Annabelle Chvostek is a Toronto-based singer, composer and producer whose music harkens back to the grittiness of 1930s tango, vaudeville and swinging Hot Club jazz. Throughout her career, Chvostek has composed music for dance and film, co-written songs with Bruce Cockburn, and played with the folk band The Wailin’ Jennys.
Chvostek’s new album String of Pearls brings together her Canadian singer-songwriter tradition and the nostalgia of her East European heritage along with a long-standing connection to Uruguay. The songs were arranged and co-produced in Montevideo by long-time collaborator, composer and multi-instrumentalist Fernando Rosa, who gathered some of Uruguay’s top tango and classical musicians to add to an already stellar lineup of musicians from Toronto’s jazz manouche community.
For the New Music Spotlight, Chvostek joined us to talk about the cross-cultural sound and intrinsic resilience of her latest album.
Reading about you, the term “jazz manouche” comes up a lot. What does that mean to you?
It’s the legacy of Django Reinhardt. It’s the jazz that ended up in Europe and was embraced by Reinhardt. It’s that type of jazz from that era that has an emphasis on acoustic guitar, and it’s holding up the rhythm and playing the upbeats. You have someone like Django Reinhardt who created this whole way of playing that has proliferated, and so there are many amazing players now who are playing that style.
What drew you to that style?
I’ve always loved it. I do feel a nostalgia for that era, my grandparents’ generation. The fact that it crosses over continents is very appealing to me. It’s just very alive, it’s very positive, and it’s a very exciting sound.
Cross-continental seems to be the theme of your album, too.
I’ve been going to Montevideo for 10 to 12 years now with my partner who is Uruguayan. I started playing informally with a musician, composer and producer there named Fernando Rosa. On this album, I invited him to participate. He actually brought in the jazz manouche idea, and it caught fire. I was able to find musicians back at home who play that style — this niche that exists all over the world in these tiny pockets. It’s very strong wherever you go. Montevideo has it and Toronto has it, so it was a wonderful moment of finding the world here.
What’s the jazz scene like in Montevideo?
It’s a crossover. There are musicians who have a foot in many worlds. That scene is also the tango world. There’s a strong presence of tango there, both from the golden age and the new tango as well. You’ve got Brazil next door, so you’ve got all this Brazilian jazz coming in and this relationship to Latin guitar playing — the Spanish guitar used in this rich, distinctive way. And there’s candombe, the rhythmic, African-rooted style of playing. All of that exists there simultaneously. All of those sounds are very much part of the scene. It’s very exciting to witness.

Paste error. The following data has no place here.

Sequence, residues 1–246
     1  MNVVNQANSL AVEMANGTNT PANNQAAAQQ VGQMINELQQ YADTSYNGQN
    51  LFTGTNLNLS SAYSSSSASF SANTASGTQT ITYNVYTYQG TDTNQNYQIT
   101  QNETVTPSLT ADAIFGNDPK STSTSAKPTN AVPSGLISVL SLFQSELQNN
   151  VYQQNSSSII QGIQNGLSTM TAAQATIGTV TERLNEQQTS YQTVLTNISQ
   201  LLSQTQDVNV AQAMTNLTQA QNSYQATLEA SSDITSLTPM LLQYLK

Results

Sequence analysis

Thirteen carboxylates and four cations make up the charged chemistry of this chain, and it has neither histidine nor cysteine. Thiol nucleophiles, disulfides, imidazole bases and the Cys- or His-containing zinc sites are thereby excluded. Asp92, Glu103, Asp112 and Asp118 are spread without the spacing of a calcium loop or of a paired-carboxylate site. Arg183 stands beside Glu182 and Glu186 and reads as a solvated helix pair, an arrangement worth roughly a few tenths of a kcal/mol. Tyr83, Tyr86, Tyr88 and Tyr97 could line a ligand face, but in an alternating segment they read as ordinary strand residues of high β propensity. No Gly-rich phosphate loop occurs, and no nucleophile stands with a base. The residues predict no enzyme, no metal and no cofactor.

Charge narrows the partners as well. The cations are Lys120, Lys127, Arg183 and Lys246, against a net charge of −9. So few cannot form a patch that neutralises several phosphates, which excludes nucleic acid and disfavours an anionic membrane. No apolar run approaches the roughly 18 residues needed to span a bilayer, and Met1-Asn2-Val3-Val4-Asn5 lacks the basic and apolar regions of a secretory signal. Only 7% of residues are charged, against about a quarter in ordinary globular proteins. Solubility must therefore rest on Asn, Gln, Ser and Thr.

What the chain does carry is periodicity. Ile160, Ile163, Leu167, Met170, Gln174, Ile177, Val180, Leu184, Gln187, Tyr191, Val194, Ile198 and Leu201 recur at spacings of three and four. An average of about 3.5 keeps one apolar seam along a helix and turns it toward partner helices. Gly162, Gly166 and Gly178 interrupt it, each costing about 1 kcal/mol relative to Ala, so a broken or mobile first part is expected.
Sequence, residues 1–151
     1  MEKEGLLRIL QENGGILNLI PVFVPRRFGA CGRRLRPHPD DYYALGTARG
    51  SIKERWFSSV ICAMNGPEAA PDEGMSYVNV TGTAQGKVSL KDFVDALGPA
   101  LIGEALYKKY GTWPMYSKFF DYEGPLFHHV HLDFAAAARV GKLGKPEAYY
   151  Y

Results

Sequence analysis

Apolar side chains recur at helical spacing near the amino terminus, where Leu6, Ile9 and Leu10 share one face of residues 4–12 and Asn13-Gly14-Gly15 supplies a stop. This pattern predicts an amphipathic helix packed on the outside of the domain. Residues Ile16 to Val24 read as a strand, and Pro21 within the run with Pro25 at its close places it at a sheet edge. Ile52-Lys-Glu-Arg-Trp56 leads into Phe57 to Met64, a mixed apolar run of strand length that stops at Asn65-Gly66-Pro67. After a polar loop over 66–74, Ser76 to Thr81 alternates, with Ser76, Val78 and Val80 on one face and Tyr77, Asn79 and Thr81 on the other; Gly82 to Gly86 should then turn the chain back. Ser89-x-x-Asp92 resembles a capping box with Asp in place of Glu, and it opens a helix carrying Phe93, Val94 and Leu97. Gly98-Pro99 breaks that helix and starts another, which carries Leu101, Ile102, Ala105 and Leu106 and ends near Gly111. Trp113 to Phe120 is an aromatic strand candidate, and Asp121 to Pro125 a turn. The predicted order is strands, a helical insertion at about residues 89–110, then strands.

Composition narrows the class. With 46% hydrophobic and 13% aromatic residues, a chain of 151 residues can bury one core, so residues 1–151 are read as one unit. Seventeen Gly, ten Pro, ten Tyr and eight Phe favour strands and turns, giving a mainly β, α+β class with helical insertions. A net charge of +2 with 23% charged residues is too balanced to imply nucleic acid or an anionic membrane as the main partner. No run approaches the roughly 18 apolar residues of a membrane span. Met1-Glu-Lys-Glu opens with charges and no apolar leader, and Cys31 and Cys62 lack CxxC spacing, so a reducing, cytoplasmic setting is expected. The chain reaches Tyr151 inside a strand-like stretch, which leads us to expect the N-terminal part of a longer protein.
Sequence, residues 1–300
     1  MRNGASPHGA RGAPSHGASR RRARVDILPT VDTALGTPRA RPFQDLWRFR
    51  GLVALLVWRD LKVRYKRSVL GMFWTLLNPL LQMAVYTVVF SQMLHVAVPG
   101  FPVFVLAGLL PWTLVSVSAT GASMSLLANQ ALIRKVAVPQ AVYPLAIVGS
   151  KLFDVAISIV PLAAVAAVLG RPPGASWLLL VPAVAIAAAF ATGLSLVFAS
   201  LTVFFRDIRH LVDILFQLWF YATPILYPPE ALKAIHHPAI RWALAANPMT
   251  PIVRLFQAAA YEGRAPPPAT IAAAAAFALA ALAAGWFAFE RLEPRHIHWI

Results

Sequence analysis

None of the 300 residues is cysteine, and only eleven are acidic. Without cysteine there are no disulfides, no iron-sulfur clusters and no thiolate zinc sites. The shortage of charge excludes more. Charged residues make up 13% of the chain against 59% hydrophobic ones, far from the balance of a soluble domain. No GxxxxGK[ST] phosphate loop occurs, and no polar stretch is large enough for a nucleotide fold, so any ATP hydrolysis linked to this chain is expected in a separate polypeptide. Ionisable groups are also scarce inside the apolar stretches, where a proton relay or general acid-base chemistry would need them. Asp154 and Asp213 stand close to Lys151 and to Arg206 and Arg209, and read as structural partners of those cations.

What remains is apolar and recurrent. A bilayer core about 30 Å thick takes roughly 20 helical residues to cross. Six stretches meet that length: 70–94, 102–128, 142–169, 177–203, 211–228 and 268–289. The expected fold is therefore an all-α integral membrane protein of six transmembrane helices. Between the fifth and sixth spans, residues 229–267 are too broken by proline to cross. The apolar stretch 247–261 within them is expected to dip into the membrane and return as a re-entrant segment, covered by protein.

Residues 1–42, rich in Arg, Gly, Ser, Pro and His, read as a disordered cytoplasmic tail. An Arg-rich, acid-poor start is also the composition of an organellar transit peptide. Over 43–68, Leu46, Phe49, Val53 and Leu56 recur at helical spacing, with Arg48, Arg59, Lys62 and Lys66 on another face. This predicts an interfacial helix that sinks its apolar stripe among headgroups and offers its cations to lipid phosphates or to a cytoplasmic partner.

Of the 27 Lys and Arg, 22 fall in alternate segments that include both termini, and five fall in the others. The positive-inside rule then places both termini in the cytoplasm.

A lot of those sounds come through on your album. How did String of Pearls come to be?
It’s been a long time coming. I had to take a break from touring and playing for quite a while. I had a bunch of things I had to deal with, the foremost one being that I lost my hearing in my left ear after a feedback blast. I had to adapt to late deafness. That was part of the ideas behind some of the songs. It was a time in my life that was so much about finding my resilience, finding out how to adapt to change, and finding the beautiful side of that.
The song String of Pearls really does feel like a pep song.
Yeah, you can deal with what’s coming. You can deal with what you have. All these hard things that come into one’s life, there’s another side to them. That’s the beauty of the pearl. It’s this grain of sand or this unwanted thing that gets embedded and coated in this lustrous material and becomes its own beautiful object. That’s the story of the pearl.
I have to think that having an injury like that that causes you to lose your hearing probably rocks everything about the way you approach music. Did it take a lot of adapting, in terms of writing, creating and performing?
It did, most notably performing and playing in an ensemble have been really challenging. I can’t listen to loud sounds for very long, so I have less endurance. There are all kinds of things to which I’ve had to adapt. Ways to listen and ways to hear my collaborators have been the most challenging. But there are ways. It can be done. I feel like this album shows that. We also made a mono version of it for hearing-impaired people. One of the things that happens with this type of hearing loss is that sounds mush together and it’s hard to find distinction. So, having the mono mix specifically done that way makes it accessible to so many people.
What are you most proud of?
I’m so proud of the way the collaboration happened. It can be a tricky thing to do a cross-cultural collaboration, so I really opened up to the influence and input of other people. I laid low and let things happen more than I have in the past. Fernando Rosa and David Travers-Smith, my two co-producers, did an incredible job. To have had a chance to play in an ensemble setting that I had never done before, I’m so excited that it happened.
This interview has been edited and condensed.